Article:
Plumbing double action pneumatic cylinders

by Larry Green
(Great Falls, MT USA)

I am looking to attach 6 individual double action cylinders to drawers in a cabinet. the drawer width will be approx 36" and the height will be 7 "...the depth (throw) of the cylinder will be approximately 14" max.


The total combined weight of the drawer will be approximately 14- 20#

I would also like to have these drawers on an open/close switch system for each individual drawer.

Drawer composition will be oak with aluminum framework to hold mechanisms in place.

Any help / recommended parts you could suggest would be great.

Thank you
Larry

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Hi Larry.

For information on sizing your double acting air cylinders see the air actuators page.

If the drawer slides are fixed and tight, you can get away with a fixed drawer to cylinder rod attachment. Otherwise, go with a rod clevis to attach the cylinder to the drawer.

There are many air operated valves which will allow you to toggle the drawer open and closed, too numerous to go into here.

You will want to use cylinder flow controls to control the speed of the cylinders. See more information on the flow controls page.

The rest is circuit design and parts specification. That I can do for you, but it's not free. If you want help, contact me through the contact form with your request, and I'll get back to you.

Cheers,

Bill



Comments for Plumbing double action pneumatic cylinders

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Dec 28, 2009
Thank you for the response Bill
by: Larry

hey Bill,
Thank you for your comments, No, I do understand that expertise is not free, however I am also looking for a value for money spent.
To design this system, I also need a parts list and supplier and also a parts list and diagram of assembly.
Since posting, I have been contacted by others on my email so I do need a "full meal deal" so to speak, if I have to do all the designing and pay for parts cost, not a problem. To have a designer just tell me what I have researched myself is of no value....what extra value can you offer me with your expertise?
Thank you for your response, please do not take business as a personal thing.
Larry

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Cushioning air cylinders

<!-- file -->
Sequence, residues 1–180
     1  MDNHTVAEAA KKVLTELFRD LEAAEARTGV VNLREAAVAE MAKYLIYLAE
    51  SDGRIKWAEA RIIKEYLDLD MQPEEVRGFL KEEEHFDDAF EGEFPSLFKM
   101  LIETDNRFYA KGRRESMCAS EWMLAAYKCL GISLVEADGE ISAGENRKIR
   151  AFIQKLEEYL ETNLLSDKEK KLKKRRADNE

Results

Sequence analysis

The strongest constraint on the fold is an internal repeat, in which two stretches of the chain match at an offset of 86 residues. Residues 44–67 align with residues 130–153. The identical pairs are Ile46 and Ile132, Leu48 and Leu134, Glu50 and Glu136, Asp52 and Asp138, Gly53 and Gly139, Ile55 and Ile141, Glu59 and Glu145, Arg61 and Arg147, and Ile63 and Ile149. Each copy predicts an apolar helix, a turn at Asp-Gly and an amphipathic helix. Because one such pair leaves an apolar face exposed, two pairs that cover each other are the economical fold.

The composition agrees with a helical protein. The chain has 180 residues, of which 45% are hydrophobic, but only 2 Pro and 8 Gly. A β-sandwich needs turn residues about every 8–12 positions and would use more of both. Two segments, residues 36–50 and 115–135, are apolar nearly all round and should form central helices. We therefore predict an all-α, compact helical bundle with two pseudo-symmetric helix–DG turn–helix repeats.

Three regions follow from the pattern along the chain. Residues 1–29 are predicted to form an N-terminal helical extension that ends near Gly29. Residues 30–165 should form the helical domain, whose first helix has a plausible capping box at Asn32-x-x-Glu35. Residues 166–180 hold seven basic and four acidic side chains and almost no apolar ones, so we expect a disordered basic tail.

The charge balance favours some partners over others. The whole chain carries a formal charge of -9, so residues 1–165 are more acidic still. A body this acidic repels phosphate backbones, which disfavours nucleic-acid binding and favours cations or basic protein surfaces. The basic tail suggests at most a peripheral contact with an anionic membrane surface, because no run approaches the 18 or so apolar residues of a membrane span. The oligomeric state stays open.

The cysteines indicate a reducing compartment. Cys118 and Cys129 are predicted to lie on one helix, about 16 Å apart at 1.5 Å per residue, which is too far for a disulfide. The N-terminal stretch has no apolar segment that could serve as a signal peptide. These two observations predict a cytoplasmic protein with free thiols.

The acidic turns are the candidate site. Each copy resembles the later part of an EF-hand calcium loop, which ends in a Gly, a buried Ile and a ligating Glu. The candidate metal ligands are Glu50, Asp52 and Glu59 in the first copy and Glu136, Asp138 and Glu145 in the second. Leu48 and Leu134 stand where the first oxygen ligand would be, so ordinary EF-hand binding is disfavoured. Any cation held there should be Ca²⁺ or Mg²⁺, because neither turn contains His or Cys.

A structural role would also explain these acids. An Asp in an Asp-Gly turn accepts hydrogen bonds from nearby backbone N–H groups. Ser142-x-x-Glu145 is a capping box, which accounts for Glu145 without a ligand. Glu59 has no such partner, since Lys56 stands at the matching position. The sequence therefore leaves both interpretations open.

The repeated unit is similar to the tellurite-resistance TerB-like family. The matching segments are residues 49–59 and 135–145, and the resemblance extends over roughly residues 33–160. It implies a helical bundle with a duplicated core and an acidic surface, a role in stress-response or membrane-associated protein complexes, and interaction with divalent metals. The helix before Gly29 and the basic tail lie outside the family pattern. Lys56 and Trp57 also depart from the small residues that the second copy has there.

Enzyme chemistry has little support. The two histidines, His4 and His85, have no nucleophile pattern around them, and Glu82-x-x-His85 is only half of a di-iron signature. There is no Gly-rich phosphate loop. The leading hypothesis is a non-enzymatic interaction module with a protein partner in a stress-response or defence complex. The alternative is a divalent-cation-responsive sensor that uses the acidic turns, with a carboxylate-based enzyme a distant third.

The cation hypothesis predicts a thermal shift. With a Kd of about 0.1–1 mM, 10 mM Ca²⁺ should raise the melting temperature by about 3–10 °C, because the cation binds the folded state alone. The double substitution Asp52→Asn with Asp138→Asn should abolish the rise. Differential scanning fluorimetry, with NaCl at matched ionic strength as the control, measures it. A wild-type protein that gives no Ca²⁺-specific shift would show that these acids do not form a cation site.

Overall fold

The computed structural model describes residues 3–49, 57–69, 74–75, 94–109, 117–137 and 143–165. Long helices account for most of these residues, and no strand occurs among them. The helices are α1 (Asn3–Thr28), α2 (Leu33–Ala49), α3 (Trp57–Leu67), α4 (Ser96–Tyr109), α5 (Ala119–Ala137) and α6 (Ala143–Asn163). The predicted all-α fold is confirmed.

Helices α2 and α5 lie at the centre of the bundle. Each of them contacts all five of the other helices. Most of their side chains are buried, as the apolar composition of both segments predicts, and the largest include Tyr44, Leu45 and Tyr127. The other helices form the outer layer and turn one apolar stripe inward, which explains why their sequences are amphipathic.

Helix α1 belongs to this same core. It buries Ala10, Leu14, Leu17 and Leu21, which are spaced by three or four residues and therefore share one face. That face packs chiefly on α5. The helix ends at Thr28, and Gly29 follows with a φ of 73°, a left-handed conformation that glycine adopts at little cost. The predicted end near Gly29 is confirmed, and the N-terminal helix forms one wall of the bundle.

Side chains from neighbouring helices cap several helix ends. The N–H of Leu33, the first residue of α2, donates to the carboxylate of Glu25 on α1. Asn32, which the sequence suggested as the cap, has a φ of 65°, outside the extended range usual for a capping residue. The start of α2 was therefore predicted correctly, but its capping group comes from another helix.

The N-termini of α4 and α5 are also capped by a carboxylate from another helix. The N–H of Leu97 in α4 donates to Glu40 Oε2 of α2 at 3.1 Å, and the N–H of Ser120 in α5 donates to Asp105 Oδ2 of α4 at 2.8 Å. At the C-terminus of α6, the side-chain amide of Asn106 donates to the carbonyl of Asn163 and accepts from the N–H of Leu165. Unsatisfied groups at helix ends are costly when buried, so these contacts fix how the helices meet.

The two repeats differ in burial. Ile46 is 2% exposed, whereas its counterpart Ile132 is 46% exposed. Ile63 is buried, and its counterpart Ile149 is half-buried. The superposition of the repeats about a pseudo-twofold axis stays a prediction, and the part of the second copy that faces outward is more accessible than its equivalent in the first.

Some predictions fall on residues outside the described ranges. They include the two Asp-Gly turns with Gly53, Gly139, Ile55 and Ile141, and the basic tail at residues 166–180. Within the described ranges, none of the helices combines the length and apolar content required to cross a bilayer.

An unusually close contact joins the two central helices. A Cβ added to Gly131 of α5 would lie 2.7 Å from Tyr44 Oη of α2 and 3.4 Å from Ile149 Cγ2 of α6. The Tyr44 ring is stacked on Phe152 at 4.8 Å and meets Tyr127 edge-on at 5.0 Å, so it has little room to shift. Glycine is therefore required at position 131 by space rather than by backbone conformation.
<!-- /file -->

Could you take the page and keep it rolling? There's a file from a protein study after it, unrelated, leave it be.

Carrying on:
by Bill Rutherford
(Burley, ID)

Anybody have any experience with cushioning air cylinders on an RTO (Regenerative Thermal Oxidizer)? The rams move a large "valve" and has to be cushioning at both ends. It cycles approx every 200 sec. Our cylinders slam the valve on both ends and needs some cushioning.
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Bill, if the cylinders didn't come with internal cushions, you have a couple of options.

One is to use flow controls to slow the movement of the cylinder rod, without reducing force, and to allow the stroke to travel to the end without significant impact. That's a cheap solution if speed of valve operation isn't critical. See the page on flow controls for more info. Make sure you use a flow control and not a needle valve in the cylinder lines.

If speed is an issue and you cannot slow the cylinder with flow controls, then you can mount exterior shock absorbers to prevent end of stroke slamming. A number of companies make hydraulic shock absorbers for pneumatic applications, one of them being Enidine. They will provide support to you to help you choose the correct shock absorber(s) and mount(s) for your application.

Cheers,

Bill

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Aid cushioning cilinders

by Bob
(Holland)

Sketch of air cylinder and cylinder cushions

Sketch of air cylinder and cylinder cushions

I am a student mechanical engineer and i am trying to find design referencing about cushion design for pneumatic cylinders. I can't find any information about how to calculate a proper cushioning design. Could you give me some good advice?
Greets from holland.
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Bob, all of the major air component manufacturers - Norgren, Numatics, Festo, SMC, Bimba to name just a few - make cushioned air cylinders.

I am not an engineer. I know how the cushions on air cylinders work, and symptoms of why they don't, but I would only guess if you asked me to design a cylinder cushion spear and cavity that was the right size for a certain air cylinder or cylinder load.

You can certainly see the design of these cylinder cushions in the CAD drawings of their products from the manufacturers. Most provide CAD drawings so designers can drop their cylinder dimensions right into a drawing.

It would be to those folks I would turn for engineering help.

Cheers,

Bill

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